At the Crossroads of Empire: the Longobard Church of Sant’Ambrogio by Jack Gunn

Published: Posted on

by Jack Gunn, BA History

It didn’t take me long to realise that this research scholarship was going to be an experience to treasure. I had dubbed it “My Trip of Firsts” and it would certainly become that in regard to the first time flying on my own, taking part in academic research and field archaeology. However, I was accompanied by E. M. Forster’s A Passage to India and therefore my adventure around the Church of Sant Ambrogio, Occiano, inevitably became “My Passage to Italy”. Just like Forster’s masterful novel, my adventure was full of character but first an explanation of what research the project involved.

My Passage to Italy
My Passage to Italy

Our mission was to aid in the on-going aim of Dr Dan Reynolds, Dr Francesca Dell’Acqua and Professor Chiara Lambert to understand the importance of the Church of Sant Ambrogio, particularly why and how a Milanese saint favoured by the Carolingians, had come to have a church dedicated to him in Campania, a region in which the Lombards dominated. Archeologically speaking, this involved excavating the tombs surrounding the church, both those that would have been inside the atrium (now ruined) and the ones situated just outside the walls. This was interesting to witness and partake in as the earth was gradually filtered through like a historical trifle- though we didn’t manage to reach the final fruity layer because of a lack of time.

Longobard Church of Sant'Ambrogio
Longobard Church of Sant’Ambrogio

What I found particularly interesting, if not eerie, were the skulls that we found. Seeing a human skull, albeit one that has been detached from the rest of its skeleton for hundreds of years, was an odd experience. They are perhaps the definition of macabre. Who were they? What was their outlook on life? What would they make of our age? All the questions whirled round my head as an author would construct a character biography. We had been warned during the application that we had to be sound with human bones, but in the instance it was nothing short of ghastly. Yet it was, in line with humanity’s bizarre interest with the dead, profoundly interesting.

An aspect of the research which I did not expect involved travelling to various sites in order to understand the context of the church. For some reason, I hadn’t applied the same logic as one does to an essay topic i.e. to understand the context, to field research. Therefore, venturing to these sites was fascinating. Our church was situated in a valley, a position obvious from the two castles and two churches whose positions seemed designed to watch our church. It became necessary to gather information about what sort of material and with what methods these neighbouring buildings were constructed in order to establish, or indeed rule out, similarities. One such excursion took us to the church of Sant’Angelo in Formis. To describe this as stunning would be to do it a disservice. It boasts eleventh-century frescoes which still exude a tangible spirituality. Their colours have faded with age, which means they now exist in that charming pastelly hue, making the art not such an assault on the eyes as some of the Baroque paintings can be.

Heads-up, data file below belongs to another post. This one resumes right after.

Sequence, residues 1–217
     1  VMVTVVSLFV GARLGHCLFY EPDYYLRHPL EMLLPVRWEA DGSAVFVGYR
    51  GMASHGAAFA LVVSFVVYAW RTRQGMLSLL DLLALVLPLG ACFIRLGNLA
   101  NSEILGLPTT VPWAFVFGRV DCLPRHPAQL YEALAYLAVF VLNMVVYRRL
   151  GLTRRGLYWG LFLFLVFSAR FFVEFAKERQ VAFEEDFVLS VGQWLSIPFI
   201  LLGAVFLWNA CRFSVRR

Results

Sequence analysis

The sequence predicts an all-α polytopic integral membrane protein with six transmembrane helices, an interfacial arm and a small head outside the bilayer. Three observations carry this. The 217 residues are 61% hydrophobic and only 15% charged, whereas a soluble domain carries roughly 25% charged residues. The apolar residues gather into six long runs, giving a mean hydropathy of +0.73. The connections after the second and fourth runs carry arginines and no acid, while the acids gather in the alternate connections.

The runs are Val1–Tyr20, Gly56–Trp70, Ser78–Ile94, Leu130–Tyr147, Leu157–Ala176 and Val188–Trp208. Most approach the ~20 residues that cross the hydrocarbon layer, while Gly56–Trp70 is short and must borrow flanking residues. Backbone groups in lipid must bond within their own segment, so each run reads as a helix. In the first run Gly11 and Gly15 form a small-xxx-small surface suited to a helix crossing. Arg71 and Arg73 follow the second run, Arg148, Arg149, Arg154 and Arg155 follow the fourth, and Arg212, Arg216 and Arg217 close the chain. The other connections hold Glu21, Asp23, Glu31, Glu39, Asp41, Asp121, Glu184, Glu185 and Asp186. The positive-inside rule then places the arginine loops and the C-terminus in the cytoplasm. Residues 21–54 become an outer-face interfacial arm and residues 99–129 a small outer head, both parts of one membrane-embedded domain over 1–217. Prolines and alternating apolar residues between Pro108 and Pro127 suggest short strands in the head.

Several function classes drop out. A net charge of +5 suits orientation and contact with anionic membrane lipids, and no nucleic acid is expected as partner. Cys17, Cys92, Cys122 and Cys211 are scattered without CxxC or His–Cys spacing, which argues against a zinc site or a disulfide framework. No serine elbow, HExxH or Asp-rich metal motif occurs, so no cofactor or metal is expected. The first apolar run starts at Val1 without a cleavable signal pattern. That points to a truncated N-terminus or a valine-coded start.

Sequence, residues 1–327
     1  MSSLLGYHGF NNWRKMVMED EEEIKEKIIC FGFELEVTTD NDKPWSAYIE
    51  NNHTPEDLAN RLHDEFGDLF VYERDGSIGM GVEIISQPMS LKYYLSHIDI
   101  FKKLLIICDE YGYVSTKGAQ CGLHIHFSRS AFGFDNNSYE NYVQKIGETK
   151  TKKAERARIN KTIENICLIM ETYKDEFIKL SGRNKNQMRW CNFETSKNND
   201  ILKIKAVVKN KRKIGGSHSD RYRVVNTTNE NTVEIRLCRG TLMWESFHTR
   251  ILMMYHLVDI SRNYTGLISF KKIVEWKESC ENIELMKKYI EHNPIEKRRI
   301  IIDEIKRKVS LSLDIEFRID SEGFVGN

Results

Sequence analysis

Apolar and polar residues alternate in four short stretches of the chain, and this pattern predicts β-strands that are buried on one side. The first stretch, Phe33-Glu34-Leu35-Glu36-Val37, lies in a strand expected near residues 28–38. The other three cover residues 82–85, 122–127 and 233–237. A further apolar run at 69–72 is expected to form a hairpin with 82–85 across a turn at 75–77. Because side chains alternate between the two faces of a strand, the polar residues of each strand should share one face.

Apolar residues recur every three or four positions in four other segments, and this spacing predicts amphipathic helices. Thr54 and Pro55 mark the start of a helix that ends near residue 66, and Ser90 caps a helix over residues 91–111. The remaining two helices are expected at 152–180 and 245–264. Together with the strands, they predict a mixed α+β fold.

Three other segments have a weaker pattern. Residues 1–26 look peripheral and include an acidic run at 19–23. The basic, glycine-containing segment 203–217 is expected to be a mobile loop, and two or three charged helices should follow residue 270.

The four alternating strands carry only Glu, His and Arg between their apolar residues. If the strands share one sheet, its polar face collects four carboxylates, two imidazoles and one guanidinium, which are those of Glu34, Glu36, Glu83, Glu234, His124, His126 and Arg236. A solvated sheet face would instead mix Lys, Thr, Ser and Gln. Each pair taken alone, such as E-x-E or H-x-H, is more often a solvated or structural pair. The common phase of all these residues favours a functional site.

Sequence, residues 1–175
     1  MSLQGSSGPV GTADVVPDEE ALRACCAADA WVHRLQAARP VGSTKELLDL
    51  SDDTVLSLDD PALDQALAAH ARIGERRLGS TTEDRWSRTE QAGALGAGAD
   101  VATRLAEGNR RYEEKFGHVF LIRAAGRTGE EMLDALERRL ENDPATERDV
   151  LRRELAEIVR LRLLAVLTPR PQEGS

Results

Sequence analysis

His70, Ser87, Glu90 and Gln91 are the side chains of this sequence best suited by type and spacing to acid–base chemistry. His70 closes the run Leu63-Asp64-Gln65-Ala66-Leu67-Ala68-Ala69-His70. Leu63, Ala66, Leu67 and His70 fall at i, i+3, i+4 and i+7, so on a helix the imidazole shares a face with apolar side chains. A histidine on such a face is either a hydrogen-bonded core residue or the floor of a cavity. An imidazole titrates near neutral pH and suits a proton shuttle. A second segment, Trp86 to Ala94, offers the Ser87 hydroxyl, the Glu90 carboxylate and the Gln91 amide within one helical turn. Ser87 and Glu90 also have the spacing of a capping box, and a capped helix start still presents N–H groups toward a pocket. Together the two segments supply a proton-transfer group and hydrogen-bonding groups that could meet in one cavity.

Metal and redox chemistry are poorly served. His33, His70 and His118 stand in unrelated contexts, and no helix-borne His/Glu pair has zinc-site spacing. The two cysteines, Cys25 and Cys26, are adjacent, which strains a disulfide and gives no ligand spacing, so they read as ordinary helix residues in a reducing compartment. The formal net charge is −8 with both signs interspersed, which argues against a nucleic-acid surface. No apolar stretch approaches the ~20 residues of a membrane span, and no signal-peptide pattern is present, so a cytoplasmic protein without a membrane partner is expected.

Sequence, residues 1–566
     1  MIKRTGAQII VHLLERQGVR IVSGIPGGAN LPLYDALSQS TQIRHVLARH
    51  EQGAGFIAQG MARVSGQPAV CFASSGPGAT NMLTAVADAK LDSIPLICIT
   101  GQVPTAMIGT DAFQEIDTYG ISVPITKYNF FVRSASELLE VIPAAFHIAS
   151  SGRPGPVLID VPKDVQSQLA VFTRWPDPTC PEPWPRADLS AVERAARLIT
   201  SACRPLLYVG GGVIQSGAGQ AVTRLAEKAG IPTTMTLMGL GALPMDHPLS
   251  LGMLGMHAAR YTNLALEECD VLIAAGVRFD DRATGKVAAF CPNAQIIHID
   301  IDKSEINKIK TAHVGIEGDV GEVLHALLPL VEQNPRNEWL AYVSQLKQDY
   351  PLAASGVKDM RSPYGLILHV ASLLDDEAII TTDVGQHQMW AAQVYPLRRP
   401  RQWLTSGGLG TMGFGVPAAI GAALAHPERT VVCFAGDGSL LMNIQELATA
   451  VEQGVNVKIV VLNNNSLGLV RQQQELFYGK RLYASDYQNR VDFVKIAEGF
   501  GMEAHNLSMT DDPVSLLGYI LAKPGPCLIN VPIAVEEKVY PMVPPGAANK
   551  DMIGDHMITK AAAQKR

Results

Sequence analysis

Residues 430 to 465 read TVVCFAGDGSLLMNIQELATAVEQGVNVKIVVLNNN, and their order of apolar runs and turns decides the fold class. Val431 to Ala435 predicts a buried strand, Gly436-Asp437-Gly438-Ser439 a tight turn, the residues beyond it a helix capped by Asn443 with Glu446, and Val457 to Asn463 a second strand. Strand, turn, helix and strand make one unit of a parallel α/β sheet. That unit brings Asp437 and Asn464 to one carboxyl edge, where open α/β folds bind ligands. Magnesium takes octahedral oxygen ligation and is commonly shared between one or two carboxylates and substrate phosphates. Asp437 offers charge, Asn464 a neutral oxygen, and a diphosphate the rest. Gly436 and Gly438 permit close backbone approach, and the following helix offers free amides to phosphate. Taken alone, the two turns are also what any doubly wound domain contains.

At Work
At Work

I must comment on the people. I expected individuality on this trip, but not in the abundance that I found. As a whole, the ten-strong band of scholars and would-be academics radiated personality and a passion for the subjects that they were interested in. Though not a medievalist, I adore all of history’s timeline and the passion of this merry band was addictive. A detachment of our party, headed by a Professor John Mitchell, visited Capua one day and managed to enter the usually closed crypt of the medieval court chapel of St Michael. Upon entering down stone steps that seemed to seek darkness, the crypt itself was reminiscent of the Black Hole of Calcutta, but when light was brought to bear on its walls; all descriptions of it as a dank and damp basement were dispelled. Frescoes, albeit muted and damaged by centuries, adorned the stone. It was here that I witnessed raw academia at work. My fellow research scholar and I became mere torch bearers, standing with our phones in illumination of the gorgeous artwork, whilst the members of history’s intelligentsia talked amongst themselves with such intelligent rapidity that it defied the ordinary conventions of conversation. Professor Mitchell, a man full of eccentricity and knowledge, stood at the face of one wall with his pencil and notebook, sketching the paintings whilst descending into what can only be described as Churchillian mumblings about what he was studying. It was a fascinating insight into how academics face and then tackle essentially a blank canvas by suggesting theories and then discussing them with their peers. The whole spectacle was marvellous!

Our Party
Our Party

What is left is for me to thank Dr Reynolds for offering this scholarship, Dr Dell’Acqua for being such a wonderful guide to the ways of Italy, and the remaining members of the research party who really made this trip an adventure so memorable.

To those deliberating over whether or not to apply to this scholarship, your deliberation is well-founded but unwarranted. Leave such posturing at the door of the plane and embark on this adventure. Why would you pass up on an opportunity to take part in such exciting historical research? It will be an adventure long-remembered.

Leave a Reply

Your email address will not be published. Required fields are marked *